“The establishment of firelanes along property boundaries is an important part of every landowner’s best management practices,” said Mark Brian, Senior Vice President and Forester at Bird & Crawford Forestry. Firelanes, or firebreaks as they sometimes are called, are a cleared path requiring regular maintenance to a minimum of 10-feet in width used to gain access to forestlands for emergency traffic.
“The establishment and maintenance of firelanes becomes important in the unfortunate occurrence of a wildfire event as the ability of responders to access your timberlands is a key component to suppressing the fire. Often it is a volunteer fire department that shows up first, and having ready access for their tanker trucks can lead to a quicker suppression.”
More often than not, forest access roads and firelanes can serve dual purposes as part of a forestland access system. External firelanes on property boundaries serve many functions, according to Mark.
“They aid in patrolling your property and as an identifiable path for boundary line and/or fence maintenance. In fact, they are often a byproduct of newly-established fence lines,” he added. “Internal and external fire lanes also provide access to your property for recreation and timber harvesting,” Mark continued.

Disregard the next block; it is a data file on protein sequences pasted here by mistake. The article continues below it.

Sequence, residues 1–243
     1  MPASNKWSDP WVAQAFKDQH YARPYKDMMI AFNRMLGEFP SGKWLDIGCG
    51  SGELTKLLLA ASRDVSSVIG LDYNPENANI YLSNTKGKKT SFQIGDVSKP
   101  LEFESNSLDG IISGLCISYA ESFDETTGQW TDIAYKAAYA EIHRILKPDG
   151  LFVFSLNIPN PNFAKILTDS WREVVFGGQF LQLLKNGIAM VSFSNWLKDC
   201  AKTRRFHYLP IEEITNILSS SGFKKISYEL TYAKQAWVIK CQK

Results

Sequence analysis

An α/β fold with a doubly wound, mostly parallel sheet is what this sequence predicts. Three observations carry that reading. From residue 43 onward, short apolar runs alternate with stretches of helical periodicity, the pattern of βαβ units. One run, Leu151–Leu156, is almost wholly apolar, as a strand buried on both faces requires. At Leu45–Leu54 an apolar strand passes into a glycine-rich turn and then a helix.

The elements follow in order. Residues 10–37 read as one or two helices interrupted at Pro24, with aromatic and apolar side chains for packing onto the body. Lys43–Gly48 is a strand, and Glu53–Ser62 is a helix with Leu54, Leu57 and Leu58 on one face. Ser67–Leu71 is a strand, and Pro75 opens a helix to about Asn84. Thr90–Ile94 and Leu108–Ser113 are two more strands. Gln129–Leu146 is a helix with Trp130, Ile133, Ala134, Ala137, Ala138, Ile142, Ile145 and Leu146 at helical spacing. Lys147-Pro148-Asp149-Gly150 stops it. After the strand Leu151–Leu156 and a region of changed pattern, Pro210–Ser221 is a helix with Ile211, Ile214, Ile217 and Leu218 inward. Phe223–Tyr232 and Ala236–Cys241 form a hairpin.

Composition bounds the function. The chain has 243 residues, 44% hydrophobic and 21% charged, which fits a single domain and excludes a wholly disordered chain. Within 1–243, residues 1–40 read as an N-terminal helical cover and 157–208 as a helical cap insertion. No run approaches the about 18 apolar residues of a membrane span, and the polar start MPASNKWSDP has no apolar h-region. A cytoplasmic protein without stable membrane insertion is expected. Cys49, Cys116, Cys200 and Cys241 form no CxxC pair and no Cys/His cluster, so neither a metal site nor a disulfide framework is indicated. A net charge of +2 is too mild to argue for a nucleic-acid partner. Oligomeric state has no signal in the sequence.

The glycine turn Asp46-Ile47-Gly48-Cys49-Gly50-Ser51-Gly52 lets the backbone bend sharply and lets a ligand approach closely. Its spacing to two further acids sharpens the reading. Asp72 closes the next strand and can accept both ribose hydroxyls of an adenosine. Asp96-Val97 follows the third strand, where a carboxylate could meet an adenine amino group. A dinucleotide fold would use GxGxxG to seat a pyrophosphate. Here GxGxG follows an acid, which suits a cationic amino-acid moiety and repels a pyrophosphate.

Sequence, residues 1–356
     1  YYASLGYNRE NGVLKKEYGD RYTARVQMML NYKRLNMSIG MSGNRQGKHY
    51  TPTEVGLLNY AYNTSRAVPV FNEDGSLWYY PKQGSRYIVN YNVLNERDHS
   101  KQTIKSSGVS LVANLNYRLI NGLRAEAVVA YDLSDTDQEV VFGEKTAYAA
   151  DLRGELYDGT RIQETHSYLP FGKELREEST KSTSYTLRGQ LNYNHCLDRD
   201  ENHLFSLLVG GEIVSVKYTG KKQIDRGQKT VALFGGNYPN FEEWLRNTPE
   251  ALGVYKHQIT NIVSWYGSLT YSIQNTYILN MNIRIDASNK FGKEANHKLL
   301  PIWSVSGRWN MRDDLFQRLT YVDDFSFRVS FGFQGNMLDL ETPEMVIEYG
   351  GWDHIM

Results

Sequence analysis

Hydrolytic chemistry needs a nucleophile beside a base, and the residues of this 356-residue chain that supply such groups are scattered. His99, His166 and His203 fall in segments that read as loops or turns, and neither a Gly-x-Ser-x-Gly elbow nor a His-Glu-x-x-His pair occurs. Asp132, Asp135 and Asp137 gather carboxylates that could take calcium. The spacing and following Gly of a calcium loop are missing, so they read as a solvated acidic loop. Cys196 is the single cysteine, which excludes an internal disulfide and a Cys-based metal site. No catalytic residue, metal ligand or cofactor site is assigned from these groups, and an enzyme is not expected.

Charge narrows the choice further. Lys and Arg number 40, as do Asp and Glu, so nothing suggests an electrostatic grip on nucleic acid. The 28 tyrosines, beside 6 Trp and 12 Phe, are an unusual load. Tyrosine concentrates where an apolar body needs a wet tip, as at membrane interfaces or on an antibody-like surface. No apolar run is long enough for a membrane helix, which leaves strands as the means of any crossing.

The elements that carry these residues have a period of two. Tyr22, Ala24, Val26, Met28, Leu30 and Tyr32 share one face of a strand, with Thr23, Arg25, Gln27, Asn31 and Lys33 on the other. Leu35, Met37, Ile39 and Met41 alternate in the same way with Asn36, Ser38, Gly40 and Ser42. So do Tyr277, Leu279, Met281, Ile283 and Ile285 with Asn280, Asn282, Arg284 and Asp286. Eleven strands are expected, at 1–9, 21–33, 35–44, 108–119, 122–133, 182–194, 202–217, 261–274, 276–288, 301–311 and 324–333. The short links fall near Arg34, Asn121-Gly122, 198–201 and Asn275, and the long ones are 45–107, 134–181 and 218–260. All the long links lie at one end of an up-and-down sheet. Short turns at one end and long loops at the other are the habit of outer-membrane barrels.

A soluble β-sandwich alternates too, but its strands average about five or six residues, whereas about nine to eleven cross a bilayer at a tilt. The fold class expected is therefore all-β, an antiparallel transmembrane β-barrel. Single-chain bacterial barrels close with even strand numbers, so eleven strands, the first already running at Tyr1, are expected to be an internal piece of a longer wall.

“Cleared fire lanes along boundaries are also additional boundary protection to guard against accidental trespassing. Easy visual references help timber harvesters or hunters on either your property or the adjacent lands from inadvertently straying onto neighboring property.”
“During a timber harvest is the opportune time to establish firelanes because the equipment needed is often already on the property. Prior planning and arrangements with harvesting contractors can expedite this process. Bird and Crawford Forestry has expertise in planning and implementing road and firelane systems on private forestlands,” Mark concluded. “Contact us for help setting and reaching your forestland goals, including firelanes.”